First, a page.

In the latest political round, the Greens and Opposition have combined in the Senate to effectively block the immediate increase in the Australian Government's debt ceiling from $300 to $500 billion by passing a motion limiting the increase to $400 billion. The Government won't accept that, so the matter will have to go back to the Senate at a later date.
While this gives the opposition some satisfaction in reprising the Government's words and approach, this is silly stuff. It is also a tad dangerous. Among other things, it gives the Government a lever, should they want to use it, for further expenditure cuts. And we don't actually need that just at present. However, this is not what I wanted to write about this evening.
Today's post explores a simple question. Why aren't Australians spending?
Retail sales have been relatively stagnant over the last few years. Effectively, consumers have been on strike. There have been good practical reasons for this. In Australia as in may other countries, personal debt levels rose during the long period of economic growth, supported in part by rising asset values. Savings rates dropped to very low levels.
This process went into reverse following the global financial crisis and subsequent global recession. People sought to save more, to spend less, to de-leverage, adding to downward economic pressure. The effects were muted in Australia by the mining boom, but persisted nevertheless. However, this is not the whole story.
You can see this in the way that commentators discuss consumer spending. They are puzzled at the continued reluctance to spend when Australian economic performance has, in fact, been quite good. Some look at the increase in on-line sales, others suggest that de-leveraging has not yet finished, some point to continuing uncertainty.
My view is a little different. I think that there has been a structural shift in the consumption function linked to changes in workforce structures.
Work force flexibility is very important to individual businesses. It allows businesses to more easily expand or contract numbers employed to meet changing business circumstances. This aids viability at firm level. However, the growing proportion of the Australian workforce working in contract or casual roles has affected consumer behaviour. Greater work uncertainty requires people to hold larger cash reserves, as do the periodic employment gaps often associated with such work. It also depresses Christmas sales, since a not insignificant proportion of the workforce is now only paid when they work. Christmas is actually a low income period for many people.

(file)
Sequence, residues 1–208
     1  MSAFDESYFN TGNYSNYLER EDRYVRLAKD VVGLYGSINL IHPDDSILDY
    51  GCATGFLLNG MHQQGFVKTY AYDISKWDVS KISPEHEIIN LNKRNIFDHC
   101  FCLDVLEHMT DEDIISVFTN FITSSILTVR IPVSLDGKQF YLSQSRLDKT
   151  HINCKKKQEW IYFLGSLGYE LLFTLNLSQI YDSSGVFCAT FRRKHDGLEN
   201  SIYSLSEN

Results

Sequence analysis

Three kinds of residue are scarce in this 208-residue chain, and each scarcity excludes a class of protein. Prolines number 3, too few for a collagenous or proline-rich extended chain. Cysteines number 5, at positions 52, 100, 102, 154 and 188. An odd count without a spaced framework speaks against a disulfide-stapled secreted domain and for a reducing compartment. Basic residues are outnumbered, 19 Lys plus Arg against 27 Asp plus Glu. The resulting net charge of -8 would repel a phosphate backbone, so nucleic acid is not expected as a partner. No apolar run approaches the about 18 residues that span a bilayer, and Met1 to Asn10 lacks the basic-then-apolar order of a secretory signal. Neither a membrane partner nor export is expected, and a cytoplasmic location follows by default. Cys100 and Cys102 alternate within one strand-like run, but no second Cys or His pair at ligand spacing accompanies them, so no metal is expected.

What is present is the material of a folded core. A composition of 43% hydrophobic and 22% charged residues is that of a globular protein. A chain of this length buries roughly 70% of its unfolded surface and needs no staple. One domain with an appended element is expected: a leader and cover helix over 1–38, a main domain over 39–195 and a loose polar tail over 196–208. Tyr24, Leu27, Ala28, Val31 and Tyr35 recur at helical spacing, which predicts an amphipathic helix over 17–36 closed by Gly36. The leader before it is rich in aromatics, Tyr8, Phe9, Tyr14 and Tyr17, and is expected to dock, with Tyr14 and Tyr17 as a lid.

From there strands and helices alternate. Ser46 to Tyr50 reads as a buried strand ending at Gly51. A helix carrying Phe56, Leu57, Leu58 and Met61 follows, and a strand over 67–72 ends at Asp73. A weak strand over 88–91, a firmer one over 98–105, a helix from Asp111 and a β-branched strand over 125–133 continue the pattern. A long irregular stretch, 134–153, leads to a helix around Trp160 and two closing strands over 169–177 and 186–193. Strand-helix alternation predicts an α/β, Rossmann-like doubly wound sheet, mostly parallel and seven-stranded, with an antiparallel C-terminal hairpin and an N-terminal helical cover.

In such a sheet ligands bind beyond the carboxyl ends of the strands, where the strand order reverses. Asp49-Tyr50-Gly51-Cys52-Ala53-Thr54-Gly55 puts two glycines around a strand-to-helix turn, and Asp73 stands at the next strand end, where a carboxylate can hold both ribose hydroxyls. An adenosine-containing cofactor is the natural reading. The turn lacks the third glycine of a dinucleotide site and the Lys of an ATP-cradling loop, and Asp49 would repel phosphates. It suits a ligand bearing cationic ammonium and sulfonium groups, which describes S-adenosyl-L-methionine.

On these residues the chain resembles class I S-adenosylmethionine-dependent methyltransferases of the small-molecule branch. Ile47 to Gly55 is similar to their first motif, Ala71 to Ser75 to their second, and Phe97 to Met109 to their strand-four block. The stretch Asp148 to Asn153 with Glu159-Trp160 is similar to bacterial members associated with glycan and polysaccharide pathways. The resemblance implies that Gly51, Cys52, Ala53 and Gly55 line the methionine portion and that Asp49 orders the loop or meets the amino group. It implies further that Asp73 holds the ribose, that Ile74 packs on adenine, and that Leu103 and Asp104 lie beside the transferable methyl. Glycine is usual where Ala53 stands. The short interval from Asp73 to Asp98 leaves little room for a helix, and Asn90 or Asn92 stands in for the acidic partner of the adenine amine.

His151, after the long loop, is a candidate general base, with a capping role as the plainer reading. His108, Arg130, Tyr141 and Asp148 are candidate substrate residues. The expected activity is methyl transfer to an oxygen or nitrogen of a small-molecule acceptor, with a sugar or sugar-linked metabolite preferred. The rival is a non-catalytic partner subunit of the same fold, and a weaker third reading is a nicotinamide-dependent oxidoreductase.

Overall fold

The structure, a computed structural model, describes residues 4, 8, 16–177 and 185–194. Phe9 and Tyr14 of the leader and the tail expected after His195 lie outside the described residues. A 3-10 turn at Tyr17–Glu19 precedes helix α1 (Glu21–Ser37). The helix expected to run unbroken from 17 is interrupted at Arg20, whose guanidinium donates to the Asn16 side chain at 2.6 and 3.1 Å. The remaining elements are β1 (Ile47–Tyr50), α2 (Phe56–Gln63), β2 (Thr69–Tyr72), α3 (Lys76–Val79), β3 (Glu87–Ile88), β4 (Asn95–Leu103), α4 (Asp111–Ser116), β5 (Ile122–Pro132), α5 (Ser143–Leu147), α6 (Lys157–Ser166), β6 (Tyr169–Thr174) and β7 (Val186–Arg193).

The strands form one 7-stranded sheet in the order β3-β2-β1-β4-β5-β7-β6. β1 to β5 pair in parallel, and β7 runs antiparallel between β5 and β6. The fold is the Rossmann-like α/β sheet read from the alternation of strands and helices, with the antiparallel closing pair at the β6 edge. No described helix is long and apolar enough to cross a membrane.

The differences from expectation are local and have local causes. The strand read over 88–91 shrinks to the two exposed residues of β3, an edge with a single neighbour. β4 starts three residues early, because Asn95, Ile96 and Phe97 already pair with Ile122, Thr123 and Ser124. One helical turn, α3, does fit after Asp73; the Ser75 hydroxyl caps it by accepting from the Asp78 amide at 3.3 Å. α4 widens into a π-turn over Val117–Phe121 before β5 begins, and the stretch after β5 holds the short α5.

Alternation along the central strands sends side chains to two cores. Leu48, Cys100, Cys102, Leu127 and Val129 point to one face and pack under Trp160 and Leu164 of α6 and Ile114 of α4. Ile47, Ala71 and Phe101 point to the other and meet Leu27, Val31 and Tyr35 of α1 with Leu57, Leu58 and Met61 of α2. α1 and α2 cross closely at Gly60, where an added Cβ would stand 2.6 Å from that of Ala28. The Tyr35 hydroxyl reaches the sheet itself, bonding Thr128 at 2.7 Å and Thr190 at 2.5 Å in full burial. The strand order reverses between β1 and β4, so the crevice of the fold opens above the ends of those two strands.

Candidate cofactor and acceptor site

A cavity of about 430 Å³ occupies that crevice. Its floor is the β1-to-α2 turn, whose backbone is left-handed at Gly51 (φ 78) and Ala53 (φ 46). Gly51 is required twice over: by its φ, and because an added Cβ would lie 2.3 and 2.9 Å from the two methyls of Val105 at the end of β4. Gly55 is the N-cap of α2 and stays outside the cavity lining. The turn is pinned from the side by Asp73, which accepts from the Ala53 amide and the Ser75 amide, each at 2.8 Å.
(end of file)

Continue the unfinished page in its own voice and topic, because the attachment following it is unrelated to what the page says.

Let me illustrate with some simple hypothetical maths.
Say you are paid $200 per day, but only when you work. Say the Christmas shutdown period is two weeks. Say you are paid weekly. Then at Christmas you face three weeks without income, two because you are not working, one because of the week's lag before your first pay comes through. So to get through Christmas you have to save to cover both foregone income and the extra spend associated with Christmas. This means that you have to save a minimum of $3,000 (three weeks times $1,000) to give you you your normal cash availability plus whatever cash you need to buy presents etc.
The story doesn't end there, for contract and casual workers on rolling contracts have to consider the potential lag between jobs, When might my current work finish, how long might it be before I get more work? Money must be saved to cover this. This has two effects.
The first is that a casual or contract worker will necessarily need to hold more cash reserves than a permanent worker on the same notional pay. This leads to a shift in the consumption function while the necessary reserves are built up. People spend less. Once the necessary reserves are there, spend as a proportion of income can increase, However, we now need to factor in a second factor, uncertainty.
The greater the uncertainty, the more people will want/need to save. This is both structural and cyclical. In structural terms, people just need to save more in general, leading to a shift in average savings. However, marginal spending will also shift up and down. As uncertainty increases, people will cut back on spending. Conversely, as they feel more secure in their jobs, they will spend more.
Just at present, uncertainty is quite high, although recent increases in consumer confidence have flown through into an increase in retail sales. How people will respond the Commonwealth Government's latest cut backs is still to be seen. My feeling is that it will act to depress growth in consumption beyond those immediately affected.